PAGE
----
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The battle over what kinds of foods should be sold in school vending machines is heating up again with the release of two surveys on Tuesday.
A Gallup survey finds that many teens acknowledge eating ''a great deal or some junk food in a typical week,'' and they say they buy ''junk food and soda'' from vending machines at school.
A survey from the Center for Science in the Public Interest (CSPI), a Washington-based consumer group, found that the vending machines in middle and high schools are filled with candy, cookies, chips, soft drinks and other sugary beverages, and very few fruits or healthy snacks.
This latest news may confirm the obvious to some, but it comes at a time when about 20% to 30% of children are overweight or at risk of becoming so. Some schools and entire school districts have revamped what's sold in vending machines in an effort to offer foods that are considered healthier.
In the meantime, the national Gallup Youth Survey of 785 respondents, ages 13 to 17, found:
* 23% say they eat ''a great deal'' of junk food (defined as food that is convenient but isn't considered healthy) in a typical week; 61% say they eat some; 14% eat hardly any; 2% eat none.
* 67% say they buy junk food or soda from vending machines at school.
* 75% of the teens who describe themselves as overweight say they buy junk food or soda at school, compared with 65% of those who feel that they are about right or underweight.
For the CSPI study, 120 volunteers examined the contents of 1,420 vending machines at 251 schools in 24 states, a total of 13,650 slots for food and drinks. The schools were in both urban and rural regions and represented different socioeconomic areas, but the survey was not nationally representative.
* Of the drinks available, 70% are sugary drinks such as soda, juice drinks with less than 50% juice, iced tea and sports drinks. Of the sodas, 14% are diet. Water accounts for 12%; milk for 5% (mostly high-fat whole milk or 2%).
* Of the snack foods sold, 42% are candy; 25%, chips; 13%, cookies, snack cakes and pastries.
* A few healthier choices are available: low-fat chips and pretzels (5%); crackers or Chex Mix (3%); granola and cereal bars (2%); low-fat cookies and baked goods (2%); nuts and trail mix (1%); fruits and vegetables, less than .5%
''At a time when obesity is front-page news, I can't believe that we haven't done more as a country to ensure that all the choices available in schools are healthy,'' says CSPI's Margo Wootan.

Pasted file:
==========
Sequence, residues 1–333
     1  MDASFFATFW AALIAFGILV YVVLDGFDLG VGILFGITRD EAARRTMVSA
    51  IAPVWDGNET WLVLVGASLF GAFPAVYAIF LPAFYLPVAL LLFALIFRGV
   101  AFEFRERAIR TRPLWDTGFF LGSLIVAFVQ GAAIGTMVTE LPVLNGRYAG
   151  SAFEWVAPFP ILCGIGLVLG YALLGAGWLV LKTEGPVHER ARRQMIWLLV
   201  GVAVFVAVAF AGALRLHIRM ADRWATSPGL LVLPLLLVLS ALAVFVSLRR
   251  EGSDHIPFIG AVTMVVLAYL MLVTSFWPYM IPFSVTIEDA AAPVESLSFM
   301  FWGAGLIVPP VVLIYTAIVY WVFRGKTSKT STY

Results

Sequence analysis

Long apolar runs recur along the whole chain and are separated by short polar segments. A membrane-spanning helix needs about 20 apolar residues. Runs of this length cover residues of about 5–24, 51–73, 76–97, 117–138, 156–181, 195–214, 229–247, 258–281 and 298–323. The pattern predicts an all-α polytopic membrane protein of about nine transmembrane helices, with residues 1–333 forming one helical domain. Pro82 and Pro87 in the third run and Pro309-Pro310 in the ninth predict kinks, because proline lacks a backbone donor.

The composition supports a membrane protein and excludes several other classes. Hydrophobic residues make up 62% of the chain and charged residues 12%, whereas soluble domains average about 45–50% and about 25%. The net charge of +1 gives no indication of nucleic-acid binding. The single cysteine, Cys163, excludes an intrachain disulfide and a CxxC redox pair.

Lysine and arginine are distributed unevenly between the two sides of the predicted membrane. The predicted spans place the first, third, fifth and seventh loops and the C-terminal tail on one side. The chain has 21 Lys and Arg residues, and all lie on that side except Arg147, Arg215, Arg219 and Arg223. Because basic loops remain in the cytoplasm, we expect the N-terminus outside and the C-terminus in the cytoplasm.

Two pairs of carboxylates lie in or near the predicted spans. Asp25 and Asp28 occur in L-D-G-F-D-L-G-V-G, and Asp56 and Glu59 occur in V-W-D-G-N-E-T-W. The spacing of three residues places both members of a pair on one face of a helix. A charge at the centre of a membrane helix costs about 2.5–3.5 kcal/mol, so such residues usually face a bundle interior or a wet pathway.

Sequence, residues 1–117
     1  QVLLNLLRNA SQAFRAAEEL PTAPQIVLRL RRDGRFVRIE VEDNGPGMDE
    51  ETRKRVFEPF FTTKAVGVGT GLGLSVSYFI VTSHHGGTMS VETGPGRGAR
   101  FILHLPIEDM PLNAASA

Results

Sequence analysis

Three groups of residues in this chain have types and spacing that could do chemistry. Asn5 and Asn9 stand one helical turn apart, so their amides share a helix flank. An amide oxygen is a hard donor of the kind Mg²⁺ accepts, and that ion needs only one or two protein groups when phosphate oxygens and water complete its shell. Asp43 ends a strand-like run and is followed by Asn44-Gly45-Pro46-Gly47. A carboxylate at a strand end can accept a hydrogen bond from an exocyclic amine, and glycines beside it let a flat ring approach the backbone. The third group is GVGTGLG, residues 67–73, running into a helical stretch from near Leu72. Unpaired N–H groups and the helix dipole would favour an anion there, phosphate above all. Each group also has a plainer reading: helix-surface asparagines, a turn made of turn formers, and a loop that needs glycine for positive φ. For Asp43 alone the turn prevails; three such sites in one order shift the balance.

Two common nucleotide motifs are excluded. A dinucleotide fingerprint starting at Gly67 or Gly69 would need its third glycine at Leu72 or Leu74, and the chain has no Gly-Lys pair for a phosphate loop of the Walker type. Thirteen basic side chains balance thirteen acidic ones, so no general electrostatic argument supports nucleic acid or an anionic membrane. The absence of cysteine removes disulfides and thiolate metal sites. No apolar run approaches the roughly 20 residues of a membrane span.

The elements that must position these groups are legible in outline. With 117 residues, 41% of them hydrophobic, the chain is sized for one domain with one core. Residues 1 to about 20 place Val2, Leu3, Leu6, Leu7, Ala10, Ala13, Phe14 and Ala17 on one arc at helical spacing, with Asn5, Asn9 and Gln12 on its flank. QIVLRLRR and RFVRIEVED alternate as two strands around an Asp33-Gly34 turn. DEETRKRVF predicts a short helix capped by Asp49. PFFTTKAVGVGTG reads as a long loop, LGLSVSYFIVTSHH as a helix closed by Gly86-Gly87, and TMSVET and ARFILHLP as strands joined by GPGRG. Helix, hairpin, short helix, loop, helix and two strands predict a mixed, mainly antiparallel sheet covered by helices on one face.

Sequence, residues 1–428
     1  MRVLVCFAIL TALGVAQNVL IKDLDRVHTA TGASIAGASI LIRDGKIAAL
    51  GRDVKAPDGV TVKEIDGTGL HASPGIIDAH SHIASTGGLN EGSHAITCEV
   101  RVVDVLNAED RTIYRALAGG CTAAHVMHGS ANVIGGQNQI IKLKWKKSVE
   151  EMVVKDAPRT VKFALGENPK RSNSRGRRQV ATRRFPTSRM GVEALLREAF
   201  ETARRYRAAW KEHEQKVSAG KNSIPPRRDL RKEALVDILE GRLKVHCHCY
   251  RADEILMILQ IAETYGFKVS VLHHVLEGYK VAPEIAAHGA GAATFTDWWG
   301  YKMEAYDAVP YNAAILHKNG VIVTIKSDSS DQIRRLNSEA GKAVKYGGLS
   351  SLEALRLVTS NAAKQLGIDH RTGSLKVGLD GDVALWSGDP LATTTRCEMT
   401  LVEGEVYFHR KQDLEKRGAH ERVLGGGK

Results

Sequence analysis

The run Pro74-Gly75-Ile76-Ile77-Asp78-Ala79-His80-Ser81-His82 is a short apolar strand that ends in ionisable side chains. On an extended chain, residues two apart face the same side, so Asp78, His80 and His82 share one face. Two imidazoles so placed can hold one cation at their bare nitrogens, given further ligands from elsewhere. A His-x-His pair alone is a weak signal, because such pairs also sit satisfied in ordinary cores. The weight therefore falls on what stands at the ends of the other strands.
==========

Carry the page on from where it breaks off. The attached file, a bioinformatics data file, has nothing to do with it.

CSPI is calling for strategies from federal and state governments and school districts to make sure healthy foods are sold in vending machines, in school stores or for fundraising.
Stephanie Childs of the Grocery Manufacturers of America, a trade group representing brand-name companies, says, ''Eliminating choices will not eliminate obesity, but expanding choices and nutrition education will help students understand how all foods can fit into the diet responsibly.''
The National Soft Drink Association says independent food consumption data indicate that only 20% of kids buy beverages during the week from school vending machines. Those kids consume about 12.5 ounces a week from soft drinks, the group says.
''You are looking at 140 to 150 calories a week, and that's not going to do anything to meaningfully address the childhood obesity issue,'' says Kathleen Dezio of the soft drink association.
''Soft drink companies offer the schools a variety of beverages, including water, juice, juice drinks, sports drinks, regular soft drinks and diet soft drinks, and parents and local school administrators, not CSPI or the government, should determine the product mix that is appropriate for their students,'' she says.
On a national level, Sen. Tom Harkin, D-Iowa, has introduced a bill that would give the Department of Agriculture authority to regulate food sales throughout the school, not just the lunchroom. For schools that worry they might lose money from reduced sales, the bill offers incentive grants to those that offer healthier choices.
Some state lawmakers have proposed bills to put restrictions on the kinds of foods and drinks sold in schools. California passed a law limiting the sale of soft drinks in elementary and middle schools.
The Los Angeles Unified School District eliminated the sale of soft drinks in all schools in January. In July, additional restrictions go into effect on the sale of high-fat, high-sugar foods in vending machines, school stores and a la carte cafeteria lines.
Two years ago, Venice (Calif.) High School switched to healthier fare such as baked chips, trail mix, fruit and cereal bars, water, 100% juice and organic soy milk. ''This is the right thing to do,'' says Jacqueline Domac, a health teacher who was instrumental in the changes. ''If a student is eating well, they're going to perform well academically.''
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